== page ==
Date of Award

2002

Degree Type

Thesis

Degree Name

Bachelor of Communications Honours

Faculty

Faculty of Communications, Health and Science

First Advisor

Dr Beate Josephi

Abstract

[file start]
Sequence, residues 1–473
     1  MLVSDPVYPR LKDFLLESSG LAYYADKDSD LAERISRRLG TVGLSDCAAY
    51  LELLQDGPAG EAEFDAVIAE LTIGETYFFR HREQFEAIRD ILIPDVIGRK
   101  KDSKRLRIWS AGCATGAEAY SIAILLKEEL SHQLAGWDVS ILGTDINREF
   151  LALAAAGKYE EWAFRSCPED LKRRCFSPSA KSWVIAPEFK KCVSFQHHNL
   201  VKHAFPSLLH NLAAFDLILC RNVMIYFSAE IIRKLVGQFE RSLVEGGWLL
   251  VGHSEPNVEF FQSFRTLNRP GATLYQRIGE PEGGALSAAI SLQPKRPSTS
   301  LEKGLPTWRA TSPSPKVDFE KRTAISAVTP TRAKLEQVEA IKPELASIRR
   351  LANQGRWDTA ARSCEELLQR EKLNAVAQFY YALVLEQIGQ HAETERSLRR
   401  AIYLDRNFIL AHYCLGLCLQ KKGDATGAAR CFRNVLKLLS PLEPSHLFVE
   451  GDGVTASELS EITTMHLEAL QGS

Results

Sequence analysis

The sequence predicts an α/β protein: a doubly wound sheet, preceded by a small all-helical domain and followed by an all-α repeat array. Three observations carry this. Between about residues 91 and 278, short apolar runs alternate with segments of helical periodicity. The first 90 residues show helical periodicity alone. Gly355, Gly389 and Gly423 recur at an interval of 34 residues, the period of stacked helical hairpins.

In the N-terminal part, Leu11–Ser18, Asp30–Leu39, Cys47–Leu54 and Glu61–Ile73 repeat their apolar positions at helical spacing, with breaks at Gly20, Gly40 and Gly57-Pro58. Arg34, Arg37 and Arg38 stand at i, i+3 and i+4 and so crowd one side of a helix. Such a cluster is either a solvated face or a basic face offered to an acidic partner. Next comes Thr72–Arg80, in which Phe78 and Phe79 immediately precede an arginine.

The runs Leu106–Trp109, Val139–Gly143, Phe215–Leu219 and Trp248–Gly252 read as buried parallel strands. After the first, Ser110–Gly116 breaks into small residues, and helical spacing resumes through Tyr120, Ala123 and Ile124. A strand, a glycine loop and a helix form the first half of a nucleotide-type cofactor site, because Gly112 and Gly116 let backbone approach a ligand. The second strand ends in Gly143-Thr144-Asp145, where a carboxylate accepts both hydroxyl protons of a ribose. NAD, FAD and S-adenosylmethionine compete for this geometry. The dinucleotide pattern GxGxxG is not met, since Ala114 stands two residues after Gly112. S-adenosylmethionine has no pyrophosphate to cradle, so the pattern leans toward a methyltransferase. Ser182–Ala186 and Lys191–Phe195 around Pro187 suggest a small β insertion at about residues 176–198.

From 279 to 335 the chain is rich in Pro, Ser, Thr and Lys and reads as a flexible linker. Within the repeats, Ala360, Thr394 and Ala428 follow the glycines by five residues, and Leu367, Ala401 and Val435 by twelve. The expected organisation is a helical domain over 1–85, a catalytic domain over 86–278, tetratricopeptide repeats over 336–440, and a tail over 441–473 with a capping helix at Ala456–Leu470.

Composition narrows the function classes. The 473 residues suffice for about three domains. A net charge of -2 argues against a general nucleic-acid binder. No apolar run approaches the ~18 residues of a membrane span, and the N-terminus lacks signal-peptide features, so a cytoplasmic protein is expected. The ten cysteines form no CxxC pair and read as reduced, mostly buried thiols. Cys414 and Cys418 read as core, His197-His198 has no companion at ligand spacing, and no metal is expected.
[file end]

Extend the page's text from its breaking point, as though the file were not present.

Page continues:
One of the roles of journalists today is to select the newsworthy stories from the endless amount of information which flows into their media organisation's newsroom. So, what is news and how do journalists decide what makes it and what docs not, in the news each day? Past and present research on this topic has thus far attempted to provide a formula, or consistent approach to the news selection process. To date, these newsroom studies have often been based at an international level, with results primarily originating from interviews with journalists themselves. This suggests that there are still many aspects of the news selection process and in particular, with reference to the broadcast media, that need to be further examined. This thesis is based on an observational study of the daily newsroom operations and news selection processes at two local radio stations in Perth, Western Australia. The broadcasters selected tor this research project were: the commercially owned 6PR (882), and the government funded 720 ABC radio. The influence of pre-determined news sources- such as on-line services, overseas correspondents, network reporters and local reporters - on the news selection processes at t:1e respective radio stations, was the central theme explored in this study.

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